Why the flat oil rig count won’t hinder product tanker demand
US rotatory rig count: The forefront of future oil production
The US Crude Oil Rotary Rig Count is a valuable indicator that shows how much drilling activity is occurring in the United States, tracking the number of rotating drills that are drilling into the Earth’s crust in search of oil or developing oil wells. The indicator is published by Baker Hughes—one of the largest oilfield service companies in the world that provide products and services for drilling, formation evaluation, completion, production, and reservoir consulting. As a result, its indicators reflect the forefront of the location of future oil production, which can affect demand for product tankers.
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Oil rig count flat but well count is up
On September 27, the number of active rotatory rigs in the United States stood at 1,362, dropping from 1,369 the a week earlier. Even though oil prices, which reflect the demand and supply and oil, remained above $100 per barrel throughout the third quarter of 2013, the rig count has fallen ~4% since it peaked in mid-June at 1,413.
While the falling rig count appears negative at first glance, the decline was driven by more efficient drilling, according to a statement from Halliburton. The company noted, “In spite of a relatively flat sequential U.S. rig count, drilling efficiencies in the trend towards multi-well pads are driving a more robust well count.” (See Must-know: Oil prices are up but oil rigs are down since mid-year.)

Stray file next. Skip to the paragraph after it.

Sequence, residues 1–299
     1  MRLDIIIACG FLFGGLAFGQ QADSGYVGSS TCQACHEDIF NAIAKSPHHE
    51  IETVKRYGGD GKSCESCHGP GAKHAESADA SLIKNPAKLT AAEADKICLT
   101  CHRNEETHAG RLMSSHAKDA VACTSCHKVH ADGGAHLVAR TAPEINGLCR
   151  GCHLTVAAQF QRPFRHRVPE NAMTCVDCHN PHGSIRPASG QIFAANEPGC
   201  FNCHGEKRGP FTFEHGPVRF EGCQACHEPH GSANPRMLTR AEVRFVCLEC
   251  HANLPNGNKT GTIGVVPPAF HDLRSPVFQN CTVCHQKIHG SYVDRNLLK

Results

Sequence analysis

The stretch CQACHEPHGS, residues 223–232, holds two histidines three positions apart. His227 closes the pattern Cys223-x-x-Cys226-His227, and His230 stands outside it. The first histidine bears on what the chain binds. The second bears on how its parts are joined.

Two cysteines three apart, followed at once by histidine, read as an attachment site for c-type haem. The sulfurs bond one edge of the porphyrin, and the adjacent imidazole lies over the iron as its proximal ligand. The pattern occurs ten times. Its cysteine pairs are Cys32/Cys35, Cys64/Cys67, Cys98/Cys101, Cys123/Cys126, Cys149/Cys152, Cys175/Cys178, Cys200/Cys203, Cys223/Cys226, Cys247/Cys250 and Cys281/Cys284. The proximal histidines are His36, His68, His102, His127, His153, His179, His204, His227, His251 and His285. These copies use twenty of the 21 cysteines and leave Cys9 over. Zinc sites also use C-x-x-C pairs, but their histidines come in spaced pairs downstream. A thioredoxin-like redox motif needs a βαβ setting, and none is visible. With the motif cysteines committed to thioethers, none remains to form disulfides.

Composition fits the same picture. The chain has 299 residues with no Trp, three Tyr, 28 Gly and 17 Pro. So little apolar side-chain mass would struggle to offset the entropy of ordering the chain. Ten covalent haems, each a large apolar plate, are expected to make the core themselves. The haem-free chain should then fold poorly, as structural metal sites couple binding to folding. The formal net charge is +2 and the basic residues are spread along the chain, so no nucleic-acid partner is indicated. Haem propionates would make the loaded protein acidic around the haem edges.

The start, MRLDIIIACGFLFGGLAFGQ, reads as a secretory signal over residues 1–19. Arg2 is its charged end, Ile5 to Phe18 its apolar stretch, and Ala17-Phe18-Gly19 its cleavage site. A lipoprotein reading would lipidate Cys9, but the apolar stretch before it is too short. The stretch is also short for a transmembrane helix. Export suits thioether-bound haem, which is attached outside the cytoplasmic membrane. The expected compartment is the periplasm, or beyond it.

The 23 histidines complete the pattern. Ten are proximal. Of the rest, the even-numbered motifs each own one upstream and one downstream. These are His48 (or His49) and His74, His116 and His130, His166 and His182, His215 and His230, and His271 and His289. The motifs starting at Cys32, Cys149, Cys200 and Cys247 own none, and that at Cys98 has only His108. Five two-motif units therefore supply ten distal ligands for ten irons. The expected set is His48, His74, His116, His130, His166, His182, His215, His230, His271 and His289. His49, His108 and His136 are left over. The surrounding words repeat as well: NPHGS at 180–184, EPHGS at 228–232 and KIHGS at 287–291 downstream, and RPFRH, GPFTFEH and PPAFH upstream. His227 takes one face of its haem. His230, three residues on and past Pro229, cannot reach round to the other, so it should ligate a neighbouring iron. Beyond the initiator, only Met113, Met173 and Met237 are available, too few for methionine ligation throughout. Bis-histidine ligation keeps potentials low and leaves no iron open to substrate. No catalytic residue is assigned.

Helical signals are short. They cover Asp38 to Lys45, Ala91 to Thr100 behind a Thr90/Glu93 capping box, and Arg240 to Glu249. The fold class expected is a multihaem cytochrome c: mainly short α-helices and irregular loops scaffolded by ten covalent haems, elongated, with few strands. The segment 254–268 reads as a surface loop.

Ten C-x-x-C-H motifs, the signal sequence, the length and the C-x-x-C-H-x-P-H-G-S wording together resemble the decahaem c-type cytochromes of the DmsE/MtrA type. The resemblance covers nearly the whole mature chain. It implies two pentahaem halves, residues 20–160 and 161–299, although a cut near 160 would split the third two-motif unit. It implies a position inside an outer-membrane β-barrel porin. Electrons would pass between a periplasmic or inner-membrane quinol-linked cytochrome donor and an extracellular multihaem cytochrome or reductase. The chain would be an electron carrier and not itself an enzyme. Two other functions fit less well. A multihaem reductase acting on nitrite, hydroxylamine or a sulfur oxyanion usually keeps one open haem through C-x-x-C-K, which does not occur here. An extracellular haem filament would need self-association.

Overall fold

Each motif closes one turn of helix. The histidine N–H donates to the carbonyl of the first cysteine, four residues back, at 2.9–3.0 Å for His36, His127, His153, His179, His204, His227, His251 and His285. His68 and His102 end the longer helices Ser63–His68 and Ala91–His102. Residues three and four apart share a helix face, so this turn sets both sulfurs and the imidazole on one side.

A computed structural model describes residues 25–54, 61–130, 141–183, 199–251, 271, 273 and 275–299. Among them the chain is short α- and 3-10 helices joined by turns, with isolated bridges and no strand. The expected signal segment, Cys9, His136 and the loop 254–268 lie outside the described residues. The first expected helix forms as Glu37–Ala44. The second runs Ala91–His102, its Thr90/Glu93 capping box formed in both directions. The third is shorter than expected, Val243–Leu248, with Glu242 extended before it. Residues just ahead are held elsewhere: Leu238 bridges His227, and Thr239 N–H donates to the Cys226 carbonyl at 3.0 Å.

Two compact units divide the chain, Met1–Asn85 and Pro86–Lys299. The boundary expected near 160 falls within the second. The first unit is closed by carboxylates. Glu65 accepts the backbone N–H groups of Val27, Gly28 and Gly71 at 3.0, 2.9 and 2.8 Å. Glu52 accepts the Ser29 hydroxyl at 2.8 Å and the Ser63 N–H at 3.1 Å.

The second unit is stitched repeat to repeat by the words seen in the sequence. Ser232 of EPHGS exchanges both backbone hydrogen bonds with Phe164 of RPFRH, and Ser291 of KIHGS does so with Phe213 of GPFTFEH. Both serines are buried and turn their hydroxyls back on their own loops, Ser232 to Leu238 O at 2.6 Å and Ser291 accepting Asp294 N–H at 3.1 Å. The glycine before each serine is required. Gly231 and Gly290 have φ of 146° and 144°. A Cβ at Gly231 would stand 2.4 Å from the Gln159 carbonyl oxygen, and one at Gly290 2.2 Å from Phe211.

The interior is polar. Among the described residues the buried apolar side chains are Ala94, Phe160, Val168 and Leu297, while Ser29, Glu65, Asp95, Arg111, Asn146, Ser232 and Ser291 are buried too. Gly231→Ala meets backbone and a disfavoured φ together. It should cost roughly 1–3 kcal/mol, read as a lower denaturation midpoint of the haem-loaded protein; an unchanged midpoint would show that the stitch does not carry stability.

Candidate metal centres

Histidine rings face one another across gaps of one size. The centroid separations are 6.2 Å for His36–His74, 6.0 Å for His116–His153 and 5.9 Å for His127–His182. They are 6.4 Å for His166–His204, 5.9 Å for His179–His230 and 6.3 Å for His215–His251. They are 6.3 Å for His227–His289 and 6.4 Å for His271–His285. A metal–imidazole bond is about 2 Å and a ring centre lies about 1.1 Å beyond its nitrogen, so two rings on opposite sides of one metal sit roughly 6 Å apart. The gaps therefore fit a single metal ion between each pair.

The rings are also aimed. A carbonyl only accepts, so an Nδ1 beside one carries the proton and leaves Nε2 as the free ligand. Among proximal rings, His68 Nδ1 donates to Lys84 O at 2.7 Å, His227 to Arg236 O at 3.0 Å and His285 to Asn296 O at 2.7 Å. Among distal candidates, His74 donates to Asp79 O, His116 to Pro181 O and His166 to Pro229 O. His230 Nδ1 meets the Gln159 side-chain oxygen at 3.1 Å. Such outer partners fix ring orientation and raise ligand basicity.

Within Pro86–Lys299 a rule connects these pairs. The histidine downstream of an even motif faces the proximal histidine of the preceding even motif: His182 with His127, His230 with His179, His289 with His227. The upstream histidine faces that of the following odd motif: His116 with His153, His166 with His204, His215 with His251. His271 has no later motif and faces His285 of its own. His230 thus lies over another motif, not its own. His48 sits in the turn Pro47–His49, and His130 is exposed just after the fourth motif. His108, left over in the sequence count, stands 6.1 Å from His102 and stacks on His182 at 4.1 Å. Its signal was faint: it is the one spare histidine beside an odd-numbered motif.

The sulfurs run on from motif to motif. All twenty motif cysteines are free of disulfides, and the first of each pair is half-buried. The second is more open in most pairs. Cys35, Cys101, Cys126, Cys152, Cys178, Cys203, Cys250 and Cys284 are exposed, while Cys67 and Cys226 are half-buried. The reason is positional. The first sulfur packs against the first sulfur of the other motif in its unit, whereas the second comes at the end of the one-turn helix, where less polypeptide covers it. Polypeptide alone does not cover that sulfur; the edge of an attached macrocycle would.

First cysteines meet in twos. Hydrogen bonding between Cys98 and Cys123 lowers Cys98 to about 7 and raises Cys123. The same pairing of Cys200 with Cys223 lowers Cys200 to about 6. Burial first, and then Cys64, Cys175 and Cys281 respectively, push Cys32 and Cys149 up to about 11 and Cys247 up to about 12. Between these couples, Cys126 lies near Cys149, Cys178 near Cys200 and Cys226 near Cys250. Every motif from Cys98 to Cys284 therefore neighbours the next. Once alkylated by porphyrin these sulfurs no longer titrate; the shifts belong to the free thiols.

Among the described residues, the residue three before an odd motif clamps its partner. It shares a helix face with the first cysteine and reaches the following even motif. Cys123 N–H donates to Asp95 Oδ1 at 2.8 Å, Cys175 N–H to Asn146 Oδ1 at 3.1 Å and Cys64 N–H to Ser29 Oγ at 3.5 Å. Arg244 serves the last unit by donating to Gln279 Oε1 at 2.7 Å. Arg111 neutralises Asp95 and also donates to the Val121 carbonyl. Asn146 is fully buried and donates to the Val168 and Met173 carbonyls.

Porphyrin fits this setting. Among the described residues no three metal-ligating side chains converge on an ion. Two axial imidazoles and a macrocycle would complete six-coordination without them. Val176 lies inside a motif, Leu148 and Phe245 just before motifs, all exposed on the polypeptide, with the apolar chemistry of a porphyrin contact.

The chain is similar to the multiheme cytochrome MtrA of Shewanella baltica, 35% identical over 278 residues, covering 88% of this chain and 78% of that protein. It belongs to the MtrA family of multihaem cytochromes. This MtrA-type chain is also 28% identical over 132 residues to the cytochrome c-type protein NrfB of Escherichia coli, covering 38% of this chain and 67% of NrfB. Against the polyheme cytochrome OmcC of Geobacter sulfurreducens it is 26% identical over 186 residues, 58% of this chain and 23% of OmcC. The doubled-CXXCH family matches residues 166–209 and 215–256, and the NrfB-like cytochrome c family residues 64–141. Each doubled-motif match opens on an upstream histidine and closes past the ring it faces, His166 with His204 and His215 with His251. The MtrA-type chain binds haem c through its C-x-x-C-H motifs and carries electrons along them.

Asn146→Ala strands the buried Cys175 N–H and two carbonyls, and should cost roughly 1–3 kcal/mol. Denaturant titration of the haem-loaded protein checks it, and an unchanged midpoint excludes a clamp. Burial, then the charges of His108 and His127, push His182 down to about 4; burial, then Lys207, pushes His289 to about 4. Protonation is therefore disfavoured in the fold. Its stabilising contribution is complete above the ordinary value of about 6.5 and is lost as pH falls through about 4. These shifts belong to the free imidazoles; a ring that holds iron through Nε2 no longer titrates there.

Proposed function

The impact of a higher well count on output and tankers
According to Baker Hughes, well count is an extension of the rotary rig count and tracks the number of oil or gas wells that are consumers of oil service and suppliers. So a more robust well count in the United States would mean greater output in the months ahead. While more useful, the well count is only published on a quarterly basis, which makes it better-suited for drawing long-term trends rather than short-term developments.
Because US law prohibits the export of domestically produced crude oil except for special circumstances, in order to preserve domestic oil and discourage oil imports by keeping domestic supply within the country, oil companies have to refine this oil in the United States and export it via product tankers if it’s not consumed domestically.
Higher demand for product tankers bodes positively for tanker stocks such as Capital Product Partners LP (CPLP), Tsakos Energy Navigation Ltd. (TNP), Scorpio Tankers Ltd. (STNG), and Navios Maritime Acquisition Corp. (NNA) in the medium to long term. The Guggenheim Shipping ETF (SEA), which invests in CPLP aond TNP, as well as other large shipping companies like Maersk, will also benefit from an increase in demand for product tankers.